PM Barrow’s “splitting headache!”
The country’s electricity sector find itself in a bind as we go to press tonight, and failure to resolve it could throw at least 50% of the country and as much as 70% of the country into darkness, according to information from the Government.
Prime Minister Dean Barrow told Amandala this evening that he is faced with a conundrum. “They have the government and the people in a bind,” he said, speaking of financial troubles reported by the Belize Electricity Limited.
According to Barrow, BEL’s fiscal situation has worsened. They have written the government to say that they are having great difficulty meeting their financial commitments with Mexico, currently the country’s main supplier of power. They are unable to pay for power from Comisión Federal de Electricidad (CFE), which supplies about 70% of power to the country currently.
If BEL fails to meet payments to CFE, Government is on the hook for $10 million for a letter of credit it had given to facilitate BEL’s purchase of power, the Prime Minister said.
If that happens, any further sale of power to Belize requires cash on the nail, said Barrow.
As a result, he said, BEL has asked the Government to prepay its bills of roughly $2 million a month. It had asked for Government to pay its May bill in advance—which it did—and the subsequent request was for the government to pay for three months: June to August, 2011—which it did not.
Instead, Government prepaid two months with $4 million, the Prime Minister said.
If $4 million lasts only 12 days, we can see where that is headed, added Barrow. “There will come a time when the government won’t have the cash flow,” the Prime Minister said.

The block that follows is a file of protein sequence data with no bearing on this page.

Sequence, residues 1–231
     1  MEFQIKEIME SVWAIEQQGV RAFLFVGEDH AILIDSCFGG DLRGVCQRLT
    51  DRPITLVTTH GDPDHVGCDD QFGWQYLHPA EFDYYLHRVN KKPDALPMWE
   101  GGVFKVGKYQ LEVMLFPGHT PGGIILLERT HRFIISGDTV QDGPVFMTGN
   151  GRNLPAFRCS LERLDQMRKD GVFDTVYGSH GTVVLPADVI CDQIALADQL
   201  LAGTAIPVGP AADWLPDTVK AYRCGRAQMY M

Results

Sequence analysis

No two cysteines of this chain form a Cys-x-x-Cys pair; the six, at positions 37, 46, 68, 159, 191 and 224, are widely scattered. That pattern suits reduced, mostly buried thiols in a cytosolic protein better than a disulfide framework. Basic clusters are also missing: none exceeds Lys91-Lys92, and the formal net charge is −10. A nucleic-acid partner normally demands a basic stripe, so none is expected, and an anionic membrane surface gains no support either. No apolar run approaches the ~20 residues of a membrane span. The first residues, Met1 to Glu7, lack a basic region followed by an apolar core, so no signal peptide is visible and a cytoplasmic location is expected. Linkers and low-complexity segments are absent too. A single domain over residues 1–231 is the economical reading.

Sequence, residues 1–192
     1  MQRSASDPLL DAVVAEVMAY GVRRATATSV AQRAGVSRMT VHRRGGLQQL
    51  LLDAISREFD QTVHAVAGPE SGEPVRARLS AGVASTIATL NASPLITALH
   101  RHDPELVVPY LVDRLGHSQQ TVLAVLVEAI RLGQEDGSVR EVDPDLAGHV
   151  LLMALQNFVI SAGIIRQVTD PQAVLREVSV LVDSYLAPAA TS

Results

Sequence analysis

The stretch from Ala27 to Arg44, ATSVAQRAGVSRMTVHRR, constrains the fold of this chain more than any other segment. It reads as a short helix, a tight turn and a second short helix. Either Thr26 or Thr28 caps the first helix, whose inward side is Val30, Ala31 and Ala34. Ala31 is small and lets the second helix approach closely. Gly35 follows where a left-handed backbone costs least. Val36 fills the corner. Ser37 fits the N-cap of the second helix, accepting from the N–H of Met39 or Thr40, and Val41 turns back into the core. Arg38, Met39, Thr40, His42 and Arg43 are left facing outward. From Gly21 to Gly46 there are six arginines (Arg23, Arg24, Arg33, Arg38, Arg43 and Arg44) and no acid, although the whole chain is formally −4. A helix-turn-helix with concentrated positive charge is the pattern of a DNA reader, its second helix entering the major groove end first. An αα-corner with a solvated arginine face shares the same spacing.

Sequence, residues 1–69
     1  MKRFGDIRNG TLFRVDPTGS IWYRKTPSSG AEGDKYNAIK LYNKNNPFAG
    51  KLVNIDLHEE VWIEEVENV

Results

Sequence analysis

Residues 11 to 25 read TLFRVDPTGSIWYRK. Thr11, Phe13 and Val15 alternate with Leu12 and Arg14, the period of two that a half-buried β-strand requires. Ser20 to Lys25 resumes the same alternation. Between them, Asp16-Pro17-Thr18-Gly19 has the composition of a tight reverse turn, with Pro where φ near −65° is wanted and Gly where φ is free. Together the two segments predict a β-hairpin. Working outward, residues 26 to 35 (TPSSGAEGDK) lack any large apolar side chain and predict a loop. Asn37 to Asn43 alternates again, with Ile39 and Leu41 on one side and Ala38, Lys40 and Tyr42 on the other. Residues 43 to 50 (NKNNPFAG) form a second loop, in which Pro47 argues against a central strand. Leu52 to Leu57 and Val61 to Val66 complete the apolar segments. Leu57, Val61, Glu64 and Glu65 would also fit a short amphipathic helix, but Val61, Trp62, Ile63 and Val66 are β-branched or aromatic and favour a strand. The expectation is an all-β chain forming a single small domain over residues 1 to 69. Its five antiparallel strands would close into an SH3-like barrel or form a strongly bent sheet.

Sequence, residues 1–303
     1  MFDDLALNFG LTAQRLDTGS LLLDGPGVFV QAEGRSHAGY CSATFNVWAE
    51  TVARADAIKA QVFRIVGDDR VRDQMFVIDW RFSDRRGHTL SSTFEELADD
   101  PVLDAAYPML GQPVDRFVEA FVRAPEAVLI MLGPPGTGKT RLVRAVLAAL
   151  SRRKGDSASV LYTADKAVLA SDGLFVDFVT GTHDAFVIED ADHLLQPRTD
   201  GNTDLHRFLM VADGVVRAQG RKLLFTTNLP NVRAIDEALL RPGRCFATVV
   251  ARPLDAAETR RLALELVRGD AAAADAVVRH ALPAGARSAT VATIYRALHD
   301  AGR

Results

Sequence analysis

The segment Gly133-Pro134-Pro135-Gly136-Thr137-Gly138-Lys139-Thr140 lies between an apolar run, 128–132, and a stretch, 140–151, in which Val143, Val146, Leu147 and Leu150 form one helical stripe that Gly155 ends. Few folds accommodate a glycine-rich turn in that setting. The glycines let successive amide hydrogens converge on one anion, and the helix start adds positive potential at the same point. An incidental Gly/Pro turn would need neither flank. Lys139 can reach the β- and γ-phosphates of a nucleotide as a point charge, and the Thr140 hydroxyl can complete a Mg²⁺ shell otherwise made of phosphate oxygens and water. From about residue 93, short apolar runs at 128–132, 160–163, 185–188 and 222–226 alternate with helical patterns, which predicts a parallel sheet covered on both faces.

BEL’s President and Chief Executive Officer, Lynn Young, told Amandala that BEL is “between a rock and a hard place.”
He said that BEL owes BECOL over $12 million, owes CFE $8 million, owes BELCOGEN, as well as suppliers. “It’s just crazy,” he commented, adding that they get through by prioritizing what gets paid first.
The latest report of the Public Utilities Commission (PUC) to the press indicated that BEL owes $50 million to consumers, which ought to be rebated.
Asked if he sees any resolution to the financial quagmire in sight, CEO Young said: “It will be like this until the regulatory dispute is resolved and [BEL] can borrow again.”
Currently, that litigation, after BEL lost in the Supreme Court, is pending resolution in the Court of Appeal. Young said that even if BEL wins in court this time, the PUC can just implement further measures for the electricity sector to counter them.
“Government needs to sit down and say ‘this is how we will make it work’, or else take back the company,” said Young, declaring that the ball is really in the government’s court.
For his part, Barrow said that the only option is a temporary takeover of BEL under laws that permit an emergency takeover for 30 days with a possible extension—but, he told us, he has no intention of doing that.